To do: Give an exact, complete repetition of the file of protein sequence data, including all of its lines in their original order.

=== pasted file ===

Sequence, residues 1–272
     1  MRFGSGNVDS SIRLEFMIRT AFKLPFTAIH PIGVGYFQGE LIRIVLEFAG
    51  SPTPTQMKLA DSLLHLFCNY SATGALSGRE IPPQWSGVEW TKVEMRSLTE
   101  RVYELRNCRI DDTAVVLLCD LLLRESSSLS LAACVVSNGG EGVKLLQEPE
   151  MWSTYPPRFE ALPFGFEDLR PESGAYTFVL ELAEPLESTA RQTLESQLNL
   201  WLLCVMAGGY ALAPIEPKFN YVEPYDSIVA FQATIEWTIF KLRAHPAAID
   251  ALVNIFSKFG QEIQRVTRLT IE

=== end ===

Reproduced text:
Sequence, residues 1–272
     1  MRFGSGNVDS SIRLEFMIRT AFKLPFTAIH PIGVGYFQGE LIRIVLEFAG
    51  SPTPTQMKLA DSLLHLFCNY SATGALSGRE IPPQWSGVEW TKVEMRSLTE
   101  RVYELRNCRI DDTAVVLLCD LLLRESSSLS LAACVVSNGG EGVKLLQEPE
   151  MWSTYPPRFE ALPFGFEDLR PESGAYTFVL ELAEPLESTA RQTLESQLNL
   201  WLLCVMAGGY ALAPIEPKFN YVEPYDSIVA FQATIEWTIF KLRAHPAAID
   251  ALVNIFSKFG QEIQRVTRLT IE